DO and RIG moves just sick now. ATW looks like it wants $100 (at $95 now)

  77. 77
    scoop006 Says:

    z Any sense buying some puts on DO/RIG in anticipation of profit taking?

  78. 78
    Nicky Says:

    Wow that was incredibly weak close for products…

  79. 79
    zman Says:

    I would not on a break out like this …could be window dressing takes it higher next week. You could do it but you’re doing the opposite of “catch a falling knife” …if I did one of the two it would be DO.

    Hear ya Nicky, think its just profit taking after a run that was undeserved (especially on gasoline)?

  80. 80
    zman Says:

    ZTRADE: Out Dec CHK $37.50s for $1.55, up 11% but the Dec 40s will go off the board at a complete loss. Still hold the Jan calls here.

  81. 81
    zman Says:

    Someone sent me this:

    To All My Republican Friends:
    Merry Christmas and a Happy New Year!

    To All My Democrat Friends:
    Please accept with no obligation, implied or explicit, my best wishes
    for an environmentally conscious, socially responsible, low-stress,
    non-addictive, gender-neutral celebration of the winter solstice
    holiday, practiced within the most enjoyable traditions of the
    religious
    persuasion of your choice, or secular practices of your choice, with
    respect for the religious/secular persuasion and/or traditions of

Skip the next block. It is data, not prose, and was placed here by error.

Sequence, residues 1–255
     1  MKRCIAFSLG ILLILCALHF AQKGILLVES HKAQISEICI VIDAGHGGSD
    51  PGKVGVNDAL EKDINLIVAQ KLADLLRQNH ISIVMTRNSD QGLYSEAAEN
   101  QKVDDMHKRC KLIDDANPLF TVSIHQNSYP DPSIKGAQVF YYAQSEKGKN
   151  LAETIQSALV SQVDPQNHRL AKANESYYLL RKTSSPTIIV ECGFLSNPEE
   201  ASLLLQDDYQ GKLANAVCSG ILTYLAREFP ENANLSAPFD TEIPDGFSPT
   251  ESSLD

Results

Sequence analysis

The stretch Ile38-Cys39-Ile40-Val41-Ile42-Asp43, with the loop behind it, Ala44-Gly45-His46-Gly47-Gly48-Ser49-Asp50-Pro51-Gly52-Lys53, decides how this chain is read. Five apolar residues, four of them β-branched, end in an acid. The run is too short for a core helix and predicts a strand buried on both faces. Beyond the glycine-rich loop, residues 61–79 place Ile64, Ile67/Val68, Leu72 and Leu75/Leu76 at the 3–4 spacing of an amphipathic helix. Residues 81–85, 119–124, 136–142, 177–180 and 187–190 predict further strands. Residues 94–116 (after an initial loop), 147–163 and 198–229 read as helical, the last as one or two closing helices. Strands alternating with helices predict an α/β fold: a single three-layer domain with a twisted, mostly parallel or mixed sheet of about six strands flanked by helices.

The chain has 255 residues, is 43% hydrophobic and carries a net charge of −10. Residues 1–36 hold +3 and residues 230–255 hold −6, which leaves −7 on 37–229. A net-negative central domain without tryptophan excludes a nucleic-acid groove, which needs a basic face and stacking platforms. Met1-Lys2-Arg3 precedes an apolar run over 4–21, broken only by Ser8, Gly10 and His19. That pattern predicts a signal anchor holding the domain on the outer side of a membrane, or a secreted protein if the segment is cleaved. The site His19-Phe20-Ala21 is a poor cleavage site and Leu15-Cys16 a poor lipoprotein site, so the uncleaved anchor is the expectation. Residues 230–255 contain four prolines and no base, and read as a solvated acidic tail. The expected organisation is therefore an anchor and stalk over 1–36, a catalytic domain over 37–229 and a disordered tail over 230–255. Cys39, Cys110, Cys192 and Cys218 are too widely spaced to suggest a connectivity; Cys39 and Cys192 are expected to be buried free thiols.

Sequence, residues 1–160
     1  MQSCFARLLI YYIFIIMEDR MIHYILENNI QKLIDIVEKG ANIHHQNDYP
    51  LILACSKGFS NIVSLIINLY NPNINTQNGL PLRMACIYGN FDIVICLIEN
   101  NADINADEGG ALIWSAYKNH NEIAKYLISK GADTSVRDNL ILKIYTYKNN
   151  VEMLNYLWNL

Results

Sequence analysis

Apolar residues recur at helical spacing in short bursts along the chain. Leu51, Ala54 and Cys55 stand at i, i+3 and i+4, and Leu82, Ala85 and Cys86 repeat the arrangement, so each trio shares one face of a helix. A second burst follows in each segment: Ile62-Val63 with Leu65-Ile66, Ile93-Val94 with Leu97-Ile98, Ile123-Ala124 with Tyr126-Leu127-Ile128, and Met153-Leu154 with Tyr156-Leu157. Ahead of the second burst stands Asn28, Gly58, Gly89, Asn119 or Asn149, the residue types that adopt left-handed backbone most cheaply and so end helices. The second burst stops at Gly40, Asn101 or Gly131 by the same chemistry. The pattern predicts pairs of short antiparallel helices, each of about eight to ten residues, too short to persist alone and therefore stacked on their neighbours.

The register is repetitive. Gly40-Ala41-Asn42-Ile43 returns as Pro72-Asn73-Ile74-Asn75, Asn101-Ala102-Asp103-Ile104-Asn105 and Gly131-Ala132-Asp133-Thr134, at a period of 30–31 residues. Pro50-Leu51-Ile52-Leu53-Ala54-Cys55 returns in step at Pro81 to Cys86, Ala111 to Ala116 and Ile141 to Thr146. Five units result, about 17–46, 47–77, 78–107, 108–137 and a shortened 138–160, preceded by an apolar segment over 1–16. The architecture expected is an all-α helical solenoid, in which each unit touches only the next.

others, or their choice not to practice religious or secular traditions
    at all. I also wish you a fiscally successful, personally fulfilling
    and
    medically uncomplicated recognition of the onset of the generally
    accepted calendar year 2008, but not without due respect for the
    calendars of choice of other cultures whose contributions to society
    have helped make America great. Not to imply that America is
    necessarily
    greater than any other country nor the only America in the Western
    Hemisphere . Also, this wish is made without regard to the race, creed,
    color, age, physical ability, religious faith or sexual preference of
    the wishee.

  82. 82
    jy Says:

    Z- Thanks for the RIG Jan 135 idea! In at 5.40 yesterday at 9:45AM. Out today at 10.0 at 3:17 PM. Up 85%. That’ll pay for some subscription time.

  83. 83
    Popeye Says:

    Market closed on mon?

  84. 84
    Sambone Says:

    Off subject again, another cool vid. 700 mph at 20 ft off the water.

  85. 85
    Sambone Says:

    Mkt closes at 1pm I believe.

  86. 86
    zman Says:

    JY – glad it worked!

    eggnog thirty has arrived. smart people would sell half or all their RIG Jan $135s taken Wednesday for about a double. I’m holding.

  87. 87
    scoop006 Says:

    Z Are you saying that you are not smart?

  88. 88
    zman Says:

    uuuuuuummmmmmm…me drink eggnog now.

  89. 89
    scoop006 Says:

    ENJOY

  90. 90
    zman Says:

    see you guys over the weekend or on Monday. Dman, will take a closer look at NOV. Thanks for a good week everybody and have a safe and non-frustrating last few hours of shopping.

  91. 91
    Popeye Says:

    Z, check the vol on HK today.

  92. 92
    zman Says:

    P – that is some big volumes.

    Check the late trades in my little DNE, up 28% at the close.

Leave a Reply

You must be logged in to post a comment.

Zman’s Energy Brain ~ oil, gas, stocks, etc… is is proudly powered by Wordpress
Navigation Theme by GPS Gazette

s2Member®
Get Adobe Flash player
%d bloggers like this: